Potential negative gearing changes

Thanks for the link,and this is a quote from that link..

Hockey has made claims that negative gearing reform would increase rents. This myth has been comprehensively debunked, in theory and in practice: it did not occur when negative gearing was wound back in 1985, and it won't occur today..

That's the problem when you have short super low term interest rates,and changes in banking regulations,which has induced property equities investors and the lenders to take more risks,and some over the next 18 months may or may not experience substantial loss, because once you have a liquidity mismatch as I think there is in several property hot spots in Australia all they are trying to do is stall a deep recession..

Call me a skeptic, but I think most of Australia will start to see below inflation growth in house prices continue for years - and that should mean rents as well. Negative gearing will stop on its own once people start seeing that they are throwing cash against the wall.

The idea that a house that doesn't make money will sell for more later - is crazy. It certainly won't sell to an investor.
Another thing to ponder...

The suggestion was made that NG should be changed to only apply to new builds. Sounds like a good idea.

This would imply that the Gubb is assuming that investors are going to help fund a supposed much needed increase in housing stock (hence the recent boom?), and leave existing stock for the FHB's and other PPoR buyers to fight over, or only seriously cashed-up investors who don't need NG to help them hold the property.

There are two areas where this new building will occur;

1. Outer Suburbs/new estates in outer suburbs and/or new suburbs -
2. Existing inner/middle ring suburbs (requiring demolishing of existing buildings).

Lets look at Area no.1 first;
If a Mum and Dad investor is requiring some form of NG to help them hold their investment, the factors for this investment to work would be;
a. prospect of future CG - which is governed by amenities, infrastructure, opportunity for employment or proximity to employment, schools etc.
b. transport options or accessibility to public transport close by,
c. prospect of securing a tenant
d. value for money/price
e. neg gearing.

The main problem I see is point C - getting tenants.

It would seem that many of the FHB's who can't buy a property (in their chosen suburb) are looking to also rent near their work, their cafes, their University, their work....near where they currently live and work.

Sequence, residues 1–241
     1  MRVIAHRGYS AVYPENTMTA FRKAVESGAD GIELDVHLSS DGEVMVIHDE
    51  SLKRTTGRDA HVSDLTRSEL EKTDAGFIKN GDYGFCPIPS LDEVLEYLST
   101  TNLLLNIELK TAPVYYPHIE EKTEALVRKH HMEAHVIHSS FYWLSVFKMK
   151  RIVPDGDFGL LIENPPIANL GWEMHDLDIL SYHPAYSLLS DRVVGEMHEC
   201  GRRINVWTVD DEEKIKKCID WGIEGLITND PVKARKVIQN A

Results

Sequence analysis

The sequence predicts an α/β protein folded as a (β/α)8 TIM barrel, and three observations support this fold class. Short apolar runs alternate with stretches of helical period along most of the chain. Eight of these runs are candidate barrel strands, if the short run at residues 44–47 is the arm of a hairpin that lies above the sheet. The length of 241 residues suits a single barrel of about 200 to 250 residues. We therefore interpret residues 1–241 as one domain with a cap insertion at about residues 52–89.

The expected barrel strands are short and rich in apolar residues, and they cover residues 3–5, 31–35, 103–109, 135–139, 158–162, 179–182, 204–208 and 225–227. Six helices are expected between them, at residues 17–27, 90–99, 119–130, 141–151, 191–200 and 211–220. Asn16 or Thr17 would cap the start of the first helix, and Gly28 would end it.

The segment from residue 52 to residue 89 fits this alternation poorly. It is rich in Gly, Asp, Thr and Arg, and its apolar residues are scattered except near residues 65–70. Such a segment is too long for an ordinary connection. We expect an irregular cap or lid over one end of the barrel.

So, these outlying areas are not really an area of choice for the current FHB for purchase or renting...if they were; we wouldn't be hearing this whinging about affordability all the time. ;)

The younger families may look to rent in these areas, but these areas are typically where a lot of younger family units look to buy...more affordable housing and a yard for the kids, etc.

I can see the problem occurring here for the Mum and Dad investors whereby there will be a lot more of them forced to look at these areas to buy and build (to get the NG), but there will be a limited amount of renters - an oversupply of rental properties and less than strong demand for them.

The result is rent yields will drop, higher vacancy rates; making the area less attractive for the M&D's.

The other problem is that for the FHB's and newer families who are willing to look at these areas fore their affordability, they are now competing with the M&D's - prices may well go up and out of range in the short term, but then drop down again as the M&D's find out that they can't get a decent rent yield and/or decent continuity of tenancy (higher vacancy rates), and the CG rates will be poor. They may look to sell off the poor performing property at a discount and thus drag the values of the surrounding similar properties down....many who stay might see themselves with a negative equity position even after 5 years in their home if this occurs..

Now let's look at Area no.2:
To build closer in, the M&D is faced with a higher entry level to acquire the property in the first place.

The rent yields are usually lower, and unless the investor is seriously cashed-up to decrease potential borrowing level, the neg cashflow to buy and then hold the property will be prohibitive.

Then you have the added costs of removing existing dwelling/s, plans and permits and time to get the new dwelling completed and available for rent, objections from neighbors and greenies, etc - easily 12 months or longer. Of course; the existing dwelling can be rented until all the plans and permits are organised, but then there is at least 6 months for the building to commence and finish for rental.

Most M&D's are not going to do all this for one dwelling on a block which will then return a poor rental yield given it is more inner/middle ring; it will need to be a townhouse complex etc to make it viable.

Or, they may do a simple buy/subdiv and build in the back yard; possibly live in the front house while the rear one is built, maybe reno the front one and then sell both, or move out when the townhouse complex is commenced and sell the lot, or keep one and sell the rest....

In all cases; you have an investor (and most likely a more cashed-up one who can pay more to get the development potential) competing again with the FHB's for that prospective development block in order to get the NG deductions and depreciation deductions..

I could be completely wrong on all of the above.